In the 1837 House of Commons Report, the British government posited that assimilation was the only way forward for indigenous residents of the colonies. In Canada, the United States, Australia, and New Zealand, various iterations of the Indian Residential School system were created—usually church-run boarding schools meant to forcibly assimilate indigenous children into Western culture. Attendance was mandatory, and Indian Agents would regularly visit aboriginal communities to take children as young as two or three from their homes. Many of them wouldn’t see their families again for the next decade, others would never reunite again. These students were punished for speaking their native languages or observing any indigenous traditions, routinely physically and sexually assaulted, and in some extreme instances subjected to medical experimentation and sterilization.

The removals continued in Australia until the 1970s. The last residential school in Canada didn't close until 1996. The U.S. government still operates 59 Indian Boarding Schools today.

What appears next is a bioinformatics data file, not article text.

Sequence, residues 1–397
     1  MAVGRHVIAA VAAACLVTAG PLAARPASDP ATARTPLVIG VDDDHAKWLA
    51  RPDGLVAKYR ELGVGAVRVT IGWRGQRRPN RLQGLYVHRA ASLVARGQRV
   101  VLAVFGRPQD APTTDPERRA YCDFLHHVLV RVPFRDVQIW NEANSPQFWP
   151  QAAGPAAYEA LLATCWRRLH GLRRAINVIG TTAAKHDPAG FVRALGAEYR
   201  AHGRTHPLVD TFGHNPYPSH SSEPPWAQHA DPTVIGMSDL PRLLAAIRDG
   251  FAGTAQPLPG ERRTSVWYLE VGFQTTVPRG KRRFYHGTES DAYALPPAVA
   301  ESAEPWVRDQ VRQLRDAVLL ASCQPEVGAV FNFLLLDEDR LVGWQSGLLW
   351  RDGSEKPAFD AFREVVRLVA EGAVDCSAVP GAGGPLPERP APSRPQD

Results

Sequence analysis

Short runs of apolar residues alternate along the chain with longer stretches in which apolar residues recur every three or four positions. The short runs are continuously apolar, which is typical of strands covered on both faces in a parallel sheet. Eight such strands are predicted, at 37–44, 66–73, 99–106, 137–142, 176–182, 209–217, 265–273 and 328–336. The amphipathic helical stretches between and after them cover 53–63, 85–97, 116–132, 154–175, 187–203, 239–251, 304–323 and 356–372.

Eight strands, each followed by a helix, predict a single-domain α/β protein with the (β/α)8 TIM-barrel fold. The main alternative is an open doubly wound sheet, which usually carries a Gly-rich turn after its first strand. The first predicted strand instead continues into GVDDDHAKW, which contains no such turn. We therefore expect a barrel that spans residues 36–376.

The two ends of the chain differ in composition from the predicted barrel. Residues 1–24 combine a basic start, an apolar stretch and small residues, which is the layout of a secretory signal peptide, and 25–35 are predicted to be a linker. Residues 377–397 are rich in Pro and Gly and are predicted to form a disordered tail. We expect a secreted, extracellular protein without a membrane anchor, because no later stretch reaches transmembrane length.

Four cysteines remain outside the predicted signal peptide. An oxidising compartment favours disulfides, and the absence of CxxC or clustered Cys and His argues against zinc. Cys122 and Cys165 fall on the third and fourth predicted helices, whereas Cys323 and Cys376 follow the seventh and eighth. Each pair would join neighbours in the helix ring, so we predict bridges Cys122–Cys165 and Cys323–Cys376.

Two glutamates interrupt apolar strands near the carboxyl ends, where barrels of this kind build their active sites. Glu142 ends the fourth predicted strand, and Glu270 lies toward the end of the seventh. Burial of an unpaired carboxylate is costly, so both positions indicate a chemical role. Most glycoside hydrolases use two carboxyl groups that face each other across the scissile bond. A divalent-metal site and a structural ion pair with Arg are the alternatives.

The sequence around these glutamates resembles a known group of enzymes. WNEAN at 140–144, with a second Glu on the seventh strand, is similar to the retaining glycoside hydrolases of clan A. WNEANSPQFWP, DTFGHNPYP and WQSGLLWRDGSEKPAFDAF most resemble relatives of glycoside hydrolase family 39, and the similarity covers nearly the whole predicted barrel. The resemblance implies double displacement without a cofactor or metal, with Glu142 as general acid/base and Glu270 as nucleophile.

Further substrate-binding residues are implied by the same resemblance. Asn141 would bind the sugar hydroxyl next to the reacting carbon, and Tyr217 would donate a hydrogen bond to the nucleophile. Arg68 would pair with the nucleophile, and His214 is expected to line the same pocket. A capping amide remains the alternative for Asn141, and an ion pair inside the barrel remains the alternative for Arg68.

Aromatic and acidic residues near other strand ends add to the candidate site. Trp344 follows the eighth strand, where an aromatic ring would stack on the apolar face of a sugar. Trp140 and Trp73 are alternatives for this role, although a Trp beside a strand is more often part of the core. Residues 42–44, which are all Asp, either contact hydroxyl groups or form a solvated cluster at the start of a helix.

The lasting impact on these indigenous populations is immeasurable. Thousands of children died while in the system—so many that it was common for residential schools to have their own cemeteries. And those who did survive, deprived of their families and their own cultural identities, became part of a series of lost generations. Languages died out, sacred ceremonies were criminalized and suppressed. The Canadian government has officially termed the residential school system a cultural genocide. These are the stories of those who made it through the system, and are coping with the legacy of their boarding school days.

This project examines not only the legacy of the residential school system, but also looks forward to the future—for the first time in decades, children are being brought up speaking Ojibwe and Cree and Blackfoot again. Potlatches and sun dances and sweat lodges have returned. There is a revitalization of First Nations culture that is undeniably linked to the collective healing process, and to reclaiming their voice in Canada.

Updated text July 17, 2016.

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Daniella Zalcman is an award-winning photojournalist based in London and New York. Her work has appeared in The Wall Street Journal, The New York Times, TIME, Sports Illustrated, and ...

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